We had only been asleep for a few hours when the camp counselors came around snapping on lights and urging us in dramatic whispers to get up. As we half-tumbled out of our bunks and staggered to our feet, they shoved into our hands flashlights with red cellophane taped over the ends. We clumsily put on our shoes and hoodies, and then, in typical sleepy teenager fashion, trudged out the door and onto the beach.
The sand was wet, the night’s dampening effect having transformed it from its delicious daytime hotness into an unpleasant slippage under our sneakers, whose flat soles did little to help our sleep-deprived selves walk down the beach. After a few minutes, the fog began to lift and the excitement began to wake us fully for the miles ahead.
We walked along the beach for about a mile and a half, the pitch-black foliage on our right, the illuminated ocean at our left. Occasionally, we stopped to swipe the sand at the water’s edge and watch the bioluminescent creatures in the sand make stunning swirls akin to the shape of the galaxy we all shared. The red light of our flashlights caught the ghost crabs, which lived up to their spooky name as they scuttled into view, ferocious claws at the ready, then vanished into the darkness.
As dawn approached, our hushed voices of excitement turned to soft moans of disappointment. We hadn’t yet found what we were seeking, and soon we’d miss our window. We were racing against the clock to find something ancient.
The counselor leading our group made the halt signal. The other group, who had circled the island in the opposite direction, had reached us. We’d made our rounds. It was time to turn back.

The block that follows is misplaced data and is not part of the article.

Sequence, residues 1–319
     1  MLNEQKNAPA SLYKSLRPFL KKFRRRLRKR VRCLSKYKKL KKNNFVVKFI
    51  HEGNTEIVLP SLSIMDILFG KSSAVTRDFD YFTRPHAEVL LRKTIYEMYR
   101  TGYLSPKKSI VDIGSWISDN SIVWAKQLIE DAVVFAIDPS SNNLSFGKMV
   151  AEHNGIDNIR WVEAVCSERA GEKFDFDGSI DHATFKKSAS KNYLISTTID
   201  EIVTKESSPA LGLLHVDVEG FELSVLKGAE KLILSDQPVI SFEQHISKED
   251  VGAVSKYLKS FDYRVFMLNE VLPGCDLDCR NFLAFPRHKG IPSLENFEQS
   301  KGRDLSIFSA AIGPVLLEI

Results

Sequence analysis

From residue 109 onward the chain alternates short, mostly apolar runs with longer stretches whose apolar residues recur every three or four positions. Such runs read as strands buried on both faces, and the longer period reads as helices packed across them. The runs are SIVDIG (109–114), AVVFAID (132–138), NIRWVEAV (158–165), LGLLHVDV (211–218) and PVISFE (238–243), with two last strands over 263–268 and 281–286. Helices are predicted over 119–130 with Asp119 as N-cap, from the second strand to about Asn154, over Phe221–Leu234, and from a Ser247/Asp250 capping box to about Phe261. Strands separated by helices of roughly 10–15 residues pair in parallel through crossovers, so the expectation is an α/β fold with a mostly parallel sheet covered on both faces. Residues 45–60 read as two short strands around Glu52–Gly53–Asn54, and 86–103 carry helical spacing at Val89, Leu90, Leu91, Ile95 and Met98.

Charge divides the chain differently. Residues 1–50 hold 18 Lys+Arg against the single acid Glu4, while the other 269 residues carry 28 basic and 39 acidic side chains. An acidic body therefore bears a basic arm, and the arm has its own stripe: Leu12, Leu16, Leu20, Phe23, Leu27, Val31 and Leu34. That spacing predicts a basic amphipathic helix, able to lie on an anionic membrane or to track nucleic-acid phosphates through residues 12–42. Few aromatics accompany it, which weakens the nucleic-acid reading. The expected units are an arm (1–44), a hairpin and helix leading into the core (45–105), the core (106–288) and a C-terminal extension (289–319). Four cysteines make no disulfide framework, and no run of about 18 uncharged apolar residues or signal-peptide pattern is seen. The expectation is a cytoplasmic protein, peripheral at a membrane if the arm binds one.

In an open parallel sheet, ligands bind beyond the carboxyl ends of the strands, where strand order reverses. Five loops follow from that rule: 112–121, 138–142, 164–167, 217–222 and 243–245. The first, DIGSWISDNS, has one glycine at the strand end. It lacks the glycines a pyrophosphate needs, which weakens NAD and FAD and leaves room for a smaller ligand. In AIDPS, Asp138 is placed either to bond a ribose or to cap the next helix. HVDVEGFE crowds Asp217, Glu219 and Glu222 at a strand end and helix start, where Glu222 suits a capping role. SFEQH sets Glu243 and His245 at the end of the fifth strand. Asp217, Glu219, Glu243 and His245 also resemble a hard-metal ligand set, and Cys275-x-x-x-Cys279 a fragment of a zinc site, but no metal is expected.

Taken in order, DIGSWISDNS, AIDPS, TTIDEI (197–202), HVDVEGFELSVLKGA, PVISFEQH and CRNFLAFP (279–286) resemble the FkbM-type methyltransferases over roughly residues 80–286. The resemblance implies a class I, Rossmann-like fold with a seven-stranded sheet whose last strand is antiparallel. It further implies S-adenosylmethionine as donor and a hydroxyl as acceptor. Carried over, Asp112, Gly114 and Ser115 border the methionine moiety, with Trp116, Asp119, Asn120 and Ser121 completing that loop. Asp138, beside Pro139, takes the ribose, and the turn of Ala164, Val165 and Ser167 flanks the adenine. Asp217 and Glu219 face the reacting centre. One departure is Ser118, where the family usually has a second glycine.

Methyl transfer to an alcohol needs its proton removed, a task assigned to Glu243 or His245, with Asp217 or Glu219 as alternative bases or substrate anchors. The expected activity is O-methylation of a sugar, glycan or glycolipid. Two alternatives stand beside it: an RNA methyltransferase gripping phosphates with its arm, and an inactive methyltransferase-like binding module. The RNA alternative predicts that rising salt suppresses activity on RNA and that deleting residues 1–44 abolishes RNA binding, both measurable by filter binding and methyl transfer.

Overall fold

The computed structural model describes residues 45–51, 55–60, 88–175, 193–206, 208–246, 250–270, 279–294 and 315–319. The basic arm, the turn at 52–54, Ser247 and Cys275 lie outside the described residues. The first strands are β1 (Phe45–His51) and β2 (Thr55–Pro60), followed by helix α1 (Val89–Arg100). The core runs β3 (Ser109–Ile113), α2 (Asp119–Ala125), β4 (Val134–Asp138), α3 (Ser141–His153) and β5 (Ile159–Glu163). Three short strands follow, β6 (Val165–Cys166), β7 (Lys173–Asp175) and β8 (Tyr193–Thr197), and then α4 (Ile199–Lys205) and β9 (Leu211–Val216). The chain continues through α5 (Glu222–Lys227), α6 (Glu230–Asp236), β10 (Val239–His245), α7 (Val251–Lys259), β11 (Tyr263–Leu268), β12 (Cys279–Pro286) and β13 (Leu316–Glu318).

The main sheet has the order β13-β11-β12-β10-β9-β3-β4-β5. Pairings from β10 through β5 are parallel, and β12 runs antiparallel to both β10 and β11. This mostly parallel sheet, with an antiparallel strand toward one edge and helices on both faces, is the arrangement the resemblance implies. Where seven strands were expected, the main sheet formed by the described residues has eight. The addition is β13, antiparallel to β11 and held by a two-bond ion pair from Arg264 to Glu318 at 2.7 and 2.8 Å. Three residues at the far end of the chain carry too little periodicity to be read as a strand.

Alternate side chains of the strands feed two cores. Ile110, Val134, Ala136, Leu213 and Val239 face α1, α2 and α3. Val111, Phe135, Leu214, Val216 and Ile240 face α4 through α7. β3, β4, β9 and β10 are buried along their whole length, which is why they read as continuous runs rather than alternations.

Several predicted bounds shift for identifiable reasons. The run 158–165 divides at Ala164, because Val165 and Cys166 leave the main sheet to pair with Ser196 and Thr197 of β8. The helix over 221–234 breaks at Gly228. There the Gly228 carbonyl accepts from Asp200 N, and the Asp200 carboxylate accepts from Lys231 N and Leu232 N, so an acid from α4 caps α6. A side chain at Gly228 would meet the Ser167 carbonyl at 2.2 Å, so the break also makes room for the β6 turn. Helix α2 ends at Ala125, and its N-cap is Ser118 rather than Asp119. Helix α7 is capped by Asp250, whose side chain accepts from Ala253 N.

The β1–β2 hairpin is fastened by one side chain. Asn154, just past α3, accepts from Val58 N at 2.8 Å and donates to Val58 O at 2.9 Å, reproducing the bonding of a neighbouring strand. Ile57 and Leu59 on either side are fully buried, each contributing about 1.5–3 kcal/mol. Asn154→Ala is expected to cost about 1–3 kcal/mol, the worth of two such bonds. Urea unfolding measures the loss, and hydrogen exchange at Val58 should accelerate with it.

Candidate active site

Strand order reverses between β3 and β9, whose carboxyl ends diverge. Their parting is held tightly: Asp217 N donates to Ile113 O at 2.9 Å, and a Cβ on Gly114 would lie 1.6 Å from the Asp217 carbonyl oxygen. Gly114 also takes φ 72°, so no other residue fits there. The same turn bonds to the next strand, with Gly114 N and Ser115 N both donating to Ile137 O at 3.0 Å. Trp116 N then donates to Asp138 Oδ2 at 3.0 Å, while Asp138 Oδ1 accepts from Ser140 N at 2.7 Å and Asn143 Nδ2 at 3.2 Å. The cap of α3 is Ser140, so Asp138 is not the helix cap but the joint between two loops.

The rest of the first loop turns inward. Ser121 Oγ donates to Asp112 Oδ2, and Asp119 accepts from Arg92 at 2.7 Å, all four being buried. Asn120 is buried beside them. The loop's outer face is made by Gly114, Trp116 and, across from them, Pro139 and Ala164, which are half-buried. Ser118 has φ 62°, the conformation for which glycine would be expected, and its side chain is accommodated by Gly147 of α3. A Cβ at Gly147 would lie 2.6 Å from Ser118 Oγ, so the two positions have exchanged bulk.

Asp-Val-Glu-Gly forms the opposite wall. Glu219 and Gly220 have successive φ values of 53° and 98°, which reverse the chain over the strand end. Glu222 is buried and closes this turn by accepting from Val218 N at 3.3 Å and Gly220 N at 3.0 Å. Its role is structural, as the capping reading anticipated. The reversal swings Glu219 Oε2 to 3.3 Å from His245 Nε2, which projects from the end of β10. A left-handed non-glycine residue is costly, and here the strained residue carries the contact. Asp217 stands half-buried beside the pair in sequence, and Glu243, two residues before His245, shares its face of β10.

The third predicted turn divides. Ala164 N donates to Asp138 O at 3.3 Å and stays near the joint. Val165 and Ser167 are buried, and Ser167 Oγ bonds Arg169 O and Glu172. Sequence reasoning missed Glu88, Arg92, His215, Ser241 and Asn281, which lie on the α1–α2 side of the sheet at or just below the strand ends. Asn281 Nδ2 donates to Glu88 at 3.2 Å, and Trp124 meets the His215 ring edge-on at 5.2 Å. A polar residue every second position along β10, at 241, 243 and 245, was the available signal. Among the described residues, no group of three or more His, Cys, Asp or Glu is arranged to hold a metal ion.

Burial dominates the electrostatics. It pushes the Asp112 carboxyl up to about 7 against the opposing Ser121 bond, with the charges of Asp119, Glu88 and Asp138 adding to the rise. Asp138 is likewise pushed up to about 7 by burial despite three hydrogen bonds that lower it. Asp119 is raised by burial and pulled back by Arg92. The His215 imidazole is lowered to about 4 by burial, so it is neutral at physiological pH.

I sought comfort in the glow of the moon on the ocean’s surface as we disheartened few made the journey back. The ghost crabs seemed to be laughing at us. The sleepiness set in again.
We’d almost returned when our sand-soaked sneakers suddenly, collectively stopped in their tracks. We all saw it at once. Something shuffling along a few meters ahead, working diligently on some primal project. The scientists accompanying our group hushed our excited whispers.
We’d found one.
She was completing her nest, using her enormous rear flippers to shovel sand over the freshly laid eggs. She moved so awkwardly, I felt embarrassed for her, but reminded myself of how graceful she was in the water.
After she’d finished, the scientists began setting up markers around the nest as she made her slow trek back to the sea. We watched her in awe and intimidation as she dragged her massive body across the sand. Then, one of the scientists invited us forward.
“You can touch her, just on her back, nowhere else,” she said.
Small gasps erupted from our group as we pondered this. Touch her? Touch something so large, so alien to us, something whose evolution dated back millions of years? She was older than we were, both her species and this individual, and as we approached, we realized how massive she was.
It was my turn to touch. I reached out, my hand quivering slightly out of an irrational fear that I’d hurt her. I couldn’t hurt her with my hand, of course, although my species had done enough damage to hers.
I touched her carapace, gently running my palm across a few inches of cool, textured shell. It seemed both hard and soft. I felt in that instant deeply connected to my fellow living things, the ocean, the moon shining down upon this moment, the galaxy swirling overhead. My heart broke for her as I watched her go, filled with fear that she’d be caught in a fishing net or accidentally eat some trash that one of we careless humans had let slide into her habitat. I silently wished her good luck and safe travels, my guilt assuaged by the knowledge that at least her nest would be safe.
We all silently watched her slip into the dark water, where I knew she’d fly rather than shuffle, as we were destined to do, back to our bunks. The scientists would monitor the nest and then ensure that her hatchlings would make it to the sea alive.
That was all we could do.
Rachel Wayne is a writer and artist based in Orlando, FL. She earned her master’s in visual anthropology from the University of Florida and runs the production company DreamQuilt. She is an avid aerial dancer and performance artist, and also dabbles in mixed-media. She writes nonfiction stories about herself and other awesome people, as well as essays on feminism, societal violence, mental health, politics, entrepreneurship, and whatever cultural topic strikes her fancy.